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Popular Music. Doomed to oblivion?

GUEST,Tunesmith 14 Sep 18 - 06:09 AM
Dave the Gnome 14 Sep 18 - 06:34 AM
Dave the Gnome 14 Sep 18 - 06:37 AM
Will Fly 14 Sep 18 - 06:56 AM
gillymor 14 Sep 18 - 07:03 AM
punkfolkrocker 14 Sep 18 - 07:05 AM
Steve Shaw 14 Sep 18 - 07:21 AM
GUEST,akenaton 14 Sep 18 - 07:26 AM
Steve Shaw 14 Sep 18 - 07:32 AM
GUEST,akenaton 14 Sep 18 - 07:40 AM
Dave the Gnome 14 Sep 18 - 07:41 AM
GUEST 14 Sep 18 - 07:50 AM
GUEST,Pseudonymous 14 Sep 18 - 07:59 AM
punkfolkrocker 14 Sep 18 - 07:59 AM
Dave the Gnome 14 Sep 18 - 08:00 AM
GUEST,akenaton 14 Sep 18 - 08:17 AM
Senoufou 14 Sep 18 - 08:23 AM
Nick 14 Sep 18 - 09:52 AM
Steve Shaw 14 Sep 18 - 10:00 AM
Gordon Jackson 14 Sep 18 - 10:01 AM
gillymor 14 Sep 18 - 10:45 AM
GUEST,Tunesmith 14 Sep 18 - 11:10 AM
gillymor 14 Sep 18 - 11:15 AM
Steve Shaw 14 Sep 18 - 11:17 AM
GUEST 14 Sep 18 - 11:27 AM
GUEST 14 Sep 18 - 11:40 AM
Dave the Gnome 14 Sep 18 - 11:40 AM
GUEST,akenaton 14 Sep 18 - 11:41 AM
Steve Shaw 14 Sep 18 - 11:42 AM
punkfolkrocker 14 Sep 18 - 11:43 AM
Gordon Jackson 14 Sep 18 - 11:47 AM
Steve Shaw 14 Sep 18 - 11:48 AM
Dave the Gnome 14 Sep 18 - 12:31 PM
Dave the Gnome 14 Sep 18 - 12:34 PM
The Sandman 14 Sep 18 - 01:00 PM
Dave the Gnome 14 Sep 18 - 01:03 PM
Doug Chadwick 14 Sep 18 - 01:19 PM
punkfolkrocker 14 Sep 18 - 01:35 PM
Dave the Gnome 14 Sep 18 - 01:38 PM
Gordon Jackson 14 Sep 18 - 01:50 PM
punkfolkrocker 14 Sep 18 - 01:55 PM
GUEST,Tunesmith 14 Sep 18 - 01:59 PM
Steve Shaw 14 Sep 18 - 02:00 PM
Dave the Gnome 14 Sep 18 - 02:22 PM
Steve Shaw 14 Sep 18 - 02:58 PM
GUEST,gillymor 14 Sep 18 - 03:03 PM
GUEST,Observer 14 Sep 18 - 03:05 PM
GUEST,Observer 14 Sep 18 - 03:10 PM
Jeri 14 Sep 18 - 03:19 PM
GUEST,akenaton 14 Sep 18 - 03:21 PM
GUEST 14 Sep 18 - 03:25 PM
meself 14 Sep 18 - 03:47 PM
Dave the Gnome 14 Sep 18 - 05:24 PM
GUEST,Pseudonymous 14 Sep 18 - 05:37 PM
Joe_F 14 Sep 18 - 05:45 PM
GUEST,Observer 14 Sep 18 - 05:49 PM
GUEST,Captain Swing 14 Sep 18 - 07:02 PM
GUEST,ripov 14 Sep 18 - 08:18 PM
Steve Shaw 14 Sep 18 - 08:23 PM
GUEST,Pseudonymous 14 Sep 18 - 09:52 PM
Dave the Gnome 15 Sep 18 - 02:22 AM
Dave the Gnome 15 Sep 18 - 02:24 AM
Doug Chadwick 15 Sep 18 - 04:19 AM
GUEST,Tunesmith 15 Sep 18 - 04:43 AM
Steve Shaw 15 Sep 18 - 04:55 AM
Will Fly 15 Sep 18 - 05:24 AM
GUEST,Pseudonymous 15 Sep 18 - 05:31 AM
Doug Chadwick 15 Sep 18 - 05:43 AM
Dave the Gnome 15 Sep 18 - 05:55 AM
punkfolkrocker 15 Sep 18 - 05:57 AM
GUEST,Captain Swing 15 Sep 18 - 06:13 AM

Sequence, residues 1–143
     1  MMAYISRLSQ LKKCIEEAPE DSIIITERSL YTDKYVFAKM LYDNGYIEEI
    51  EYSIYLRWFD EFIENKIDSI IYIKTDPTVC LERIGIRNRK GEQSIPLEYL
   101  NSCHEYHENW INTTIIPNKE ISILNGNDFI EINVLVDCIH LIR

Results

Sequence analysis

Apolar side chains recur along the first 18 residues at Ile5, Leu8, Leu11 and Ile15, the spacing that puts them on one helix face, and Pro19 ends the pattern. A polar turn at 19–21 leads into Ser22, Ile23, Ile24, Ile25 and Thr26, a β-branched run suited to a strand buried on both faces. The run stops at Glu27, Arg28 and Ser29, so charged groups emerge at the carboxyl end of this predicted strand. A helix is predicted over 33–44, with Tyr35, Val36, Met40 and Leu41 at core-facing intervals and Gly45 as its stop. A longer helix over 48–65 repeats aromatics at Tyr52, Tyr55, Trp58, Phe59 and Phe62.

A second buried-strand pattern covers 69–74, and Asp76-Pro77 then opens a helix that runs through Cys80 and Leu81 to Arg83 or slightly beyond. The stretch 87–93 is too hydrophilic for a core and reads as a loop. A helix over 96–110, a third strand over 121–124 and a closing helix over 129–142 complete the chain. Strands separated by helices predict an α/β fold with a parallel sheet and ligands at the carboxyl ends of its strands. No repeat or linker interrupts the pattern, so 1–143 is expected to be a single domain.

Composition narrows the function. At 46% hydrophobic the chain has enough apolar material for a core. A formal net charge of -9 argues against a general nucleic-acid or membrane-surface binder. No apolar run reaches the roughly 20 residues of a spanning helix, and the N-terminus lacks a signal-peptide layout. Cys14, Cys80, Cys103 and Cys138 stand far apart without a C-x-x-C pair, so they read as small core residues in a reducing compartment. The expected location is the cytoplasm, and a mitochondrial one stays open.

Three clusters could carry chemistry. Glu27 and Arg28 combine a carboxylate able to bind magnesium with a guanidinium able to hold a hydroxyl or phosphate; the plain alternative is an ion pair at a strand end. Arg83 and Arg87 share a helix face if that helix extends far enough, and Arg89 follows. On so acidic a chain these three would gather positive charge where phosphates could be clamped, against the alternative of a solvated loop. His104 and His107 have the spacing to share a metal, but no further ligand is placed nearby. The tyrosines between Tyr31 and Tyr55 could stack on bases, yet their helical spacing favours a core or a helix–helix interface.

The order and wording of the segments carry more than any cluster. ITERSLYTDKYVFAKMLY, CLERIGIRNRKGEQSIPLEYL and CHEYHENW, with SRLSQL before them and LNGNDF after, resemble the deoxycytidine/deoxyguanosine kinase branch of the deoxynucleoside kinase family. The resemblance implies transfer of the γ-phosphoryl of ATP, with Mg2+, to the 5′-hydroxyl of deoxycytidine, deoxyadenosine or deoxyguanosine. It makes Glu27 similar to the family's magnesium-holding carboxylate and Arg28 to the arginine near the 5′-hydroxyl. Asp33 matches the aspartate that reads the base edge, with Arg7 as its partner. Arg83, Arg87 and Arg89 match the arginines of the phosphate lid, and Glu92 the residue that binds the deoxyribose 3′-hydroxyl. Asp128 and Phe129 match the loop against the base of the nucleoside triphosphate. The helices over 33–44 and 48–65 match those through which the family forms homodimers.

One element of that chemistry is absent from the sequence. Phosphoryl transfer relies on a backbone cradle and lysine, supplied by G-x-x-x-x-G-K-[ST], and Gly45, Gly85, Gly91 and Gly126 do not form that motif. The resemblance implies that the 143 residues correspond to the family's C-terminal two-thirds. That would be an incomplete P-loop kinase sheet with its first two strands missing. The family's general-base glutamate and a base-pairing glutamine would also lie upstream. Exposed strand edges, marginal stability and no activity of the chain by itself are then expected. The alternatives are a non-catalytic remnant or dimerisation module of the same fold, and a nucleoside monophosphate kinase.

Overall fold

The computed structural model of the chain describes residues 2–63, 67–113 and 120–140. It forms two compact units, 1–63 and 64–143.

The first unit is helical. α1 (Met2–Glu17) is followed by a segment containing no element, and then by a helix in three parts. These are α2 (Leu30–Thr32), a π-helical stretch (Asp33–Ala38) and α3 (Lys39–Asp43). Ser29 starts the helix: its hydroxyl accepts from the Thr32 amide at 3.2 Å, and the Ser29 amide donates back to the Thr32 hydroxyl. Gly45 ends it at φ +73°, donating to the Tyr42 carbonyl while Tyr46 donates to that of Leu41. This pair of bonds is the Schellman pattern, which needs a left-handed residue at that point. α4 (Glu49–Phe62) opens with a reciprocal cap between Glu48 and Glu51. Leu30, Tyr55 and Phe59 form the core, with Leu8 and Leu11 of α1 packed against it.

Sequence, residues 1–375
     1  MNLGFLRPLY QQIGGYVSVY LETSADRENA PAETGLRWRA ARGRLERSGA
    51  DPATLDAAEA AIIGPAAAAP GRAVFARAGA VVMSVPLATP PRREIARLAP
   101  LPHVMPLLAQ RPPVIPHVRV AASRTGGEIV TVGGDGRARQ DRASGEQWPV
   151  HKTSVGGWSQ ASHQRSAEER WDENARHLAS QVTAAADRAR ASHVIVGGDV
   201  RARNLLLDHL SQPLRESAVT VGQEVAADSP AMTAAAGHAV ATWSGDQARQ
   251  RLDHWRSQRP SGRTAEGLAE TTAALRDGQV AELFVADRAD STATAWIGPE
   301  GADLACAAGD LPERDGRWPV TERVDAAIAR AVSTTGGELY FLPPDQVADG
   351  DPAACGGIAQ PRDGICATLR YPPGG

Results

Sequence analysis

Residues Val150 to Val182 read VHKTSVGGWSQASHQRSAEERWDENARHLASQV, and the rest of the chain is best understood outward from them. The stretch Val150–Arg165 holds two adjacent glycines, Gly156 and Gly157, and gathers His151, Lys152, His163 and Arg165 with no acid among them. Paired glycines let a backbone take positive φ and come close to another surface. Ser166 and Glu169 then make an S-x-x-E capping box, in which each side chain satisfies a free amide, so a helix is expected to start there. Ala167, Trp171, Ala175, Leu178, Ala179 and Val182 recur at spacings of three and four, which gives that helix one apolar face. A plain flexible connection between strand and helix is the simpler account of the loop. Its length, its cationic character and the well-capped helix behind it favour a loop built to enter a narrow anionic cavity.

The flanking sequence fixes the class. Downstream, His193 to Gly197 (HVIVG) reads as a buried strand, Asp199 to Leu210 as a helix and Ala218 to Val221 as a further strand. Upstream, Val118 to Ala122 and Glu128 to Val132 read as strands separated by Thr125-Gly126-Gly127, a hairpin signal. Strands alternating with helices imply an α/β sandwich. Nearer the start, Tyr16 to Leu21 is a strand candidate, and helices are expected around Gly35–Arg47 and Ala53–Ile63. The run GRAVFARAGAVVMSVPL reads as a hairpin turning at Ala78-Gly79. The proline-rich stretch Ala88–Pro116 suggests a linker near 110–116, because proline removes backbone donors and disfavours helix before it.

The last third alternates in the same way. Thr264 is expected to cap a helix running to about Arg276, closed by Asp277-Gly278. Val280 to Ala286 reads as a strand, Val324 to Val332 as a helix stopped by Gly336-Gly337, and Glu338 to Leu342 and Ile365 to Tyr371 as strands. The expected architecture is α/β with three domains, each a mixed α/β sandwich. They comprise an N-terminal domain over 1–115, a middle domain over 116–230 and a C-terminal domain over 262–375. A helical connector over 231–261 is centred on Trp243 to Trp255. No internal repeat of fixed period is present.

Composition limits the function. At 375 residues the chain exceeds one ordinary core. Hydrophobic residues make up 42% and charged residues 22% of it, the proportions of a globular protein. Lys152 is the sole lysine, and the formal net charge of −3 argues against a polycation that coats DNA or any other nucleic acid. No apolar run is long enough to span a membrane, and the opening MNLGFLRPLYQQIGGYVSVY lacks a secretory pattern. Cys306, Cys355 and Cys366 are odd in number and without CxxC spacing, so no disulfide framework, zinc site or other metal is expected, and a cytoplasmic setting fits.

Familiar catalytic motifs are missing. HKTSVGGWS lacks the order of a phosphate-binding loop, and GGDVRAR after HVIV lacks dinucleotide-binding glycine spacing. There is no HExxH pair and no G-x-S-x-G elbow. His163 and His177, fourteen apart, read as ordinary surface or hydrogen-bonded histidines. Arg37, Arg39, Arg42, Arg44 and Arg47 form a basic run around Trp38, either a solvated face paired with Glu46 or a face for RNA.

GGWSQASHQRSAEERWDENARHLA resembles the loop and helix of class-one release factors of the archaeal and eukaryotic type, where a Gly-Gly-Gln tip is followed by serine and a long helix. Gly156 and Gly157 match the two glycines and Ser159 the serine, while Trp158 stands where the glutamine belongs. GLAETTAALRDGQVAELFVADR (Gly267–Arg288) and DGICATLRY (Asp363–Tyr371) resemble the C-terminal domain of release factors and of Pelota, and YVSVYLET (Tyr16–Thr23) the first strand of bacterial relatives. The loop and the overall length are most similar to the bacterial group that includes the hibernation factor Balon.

punkfolkrocker 15 Sep 18 - 06:14 AM
Bonzo3legs 15 Sep 18 - 06:20 AM
punkfolkrocker 15 Sep 18 - 06:51 AM
Bonzo3legs 15 Sep 18 - 07:21 AM
punkfolkrocker 15 Sep 18 - 07:37 AM
Will Fly 15 Sep 18 - 08:03 AM
punkfolkrocker 15 Sep 18 - 08:10 AM
doc.tom 15 Sep 18 - 08:20 AM
punkfolkrocker 15 Sep 18 - 08:32 AM
punkfolkrocker 15 Sep 18 - 08:32 AM
punkfolkrocker 15 Sep 18 - 08:33 AM
GUEST,Jerry 15 Sep 18 - 11:37 AM
punkfolkrocker 15 Sep 18 - 11:46 AM
Bonzo3legs 15 Sep 18 - 12:24 PM
punkfolkrocker 15 Sep 18 - 12:52 PM
Joe Offer 15 Sep 18 - 04:58 PM
GUEST,Ebor Fiddler 16 Sep 18 - 09:18 PM
Stanron 16 Sep 18 - 11:55 PM
The Sandman 17 Sep 18 - 03:17 AM
KarenH 17 Sep 18 - 05:27 AM
GUEST,Richard Robinson 17 Sep 18 - 07:41 AM
Allan Conn 17 Sep 18 - 07:52 AM
gillymor 17 Sep 18 - 08:09 AM
Will Fly 17 Sep 18 - 11:50 AM
Steve Shaw 17 Sep 18 - 12:01 PM
Will Fly 17 Sep 18 - 12:07 PM
gillymor 17 Sep 18 - 12:07 PM
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Subject: Popular Music. Doomed to oblivion?
From: GUEST,Tunesmith
Date: 14 Sep 18 - 06:09 AM

I wonder if any of the popular music of the last 100yrs will survive in the general consciousness of music lovers for any length of time. For example, Bach has been dead for over 250yrs but is still well known; however, I would suggest that someone like Louis Armstrong - the first great improvisor in jazz history - is rapidly drifting further and further from the general consciousness.
    And, if we go back into the 19th century, how many popular musician and composer are still, even reasonably, well known ? Arthur Sullivan springs to mind and Stephen Foster?
    “Classical” composers and musicians names will be kept alive in colleges by music professors and genuine - and not so genuine - concert goers but who will keep the popular musician names alive?
      The continued fame of popular musicians is very much tied to the music industry and the making of money.
The last 100yrs is filled with artists who were once massively popular but are now just fading memories in the minds of old folk.
    100yrs from now, The Beatles, will more likely to be remembered as a cultural phenomenon rather than for their music.
    Of course, I’ve know doubt that, in the future, some popular artists from the past will - from time to time - be “rediscovered” like Scott Joplin was in the 1970s.


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Subject: RE: Popular Music. Doomed to oblivion?
From: Dave the Gnome
Date: 14 Sep 18 - 06:34 AM

You are not comparing like with like. Bach is remembered for the music he wrote. Louis Armstrong is remembered for the music he played. Performers will eventually drift out of the public eye but good written music will be forever performed by others. By that measure the Beatles could well be remembered as a phenomenon but 'Yesterday' could still be the most covered song ever :-)


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Subject: RE: Popular Music. Doomed to oblivion?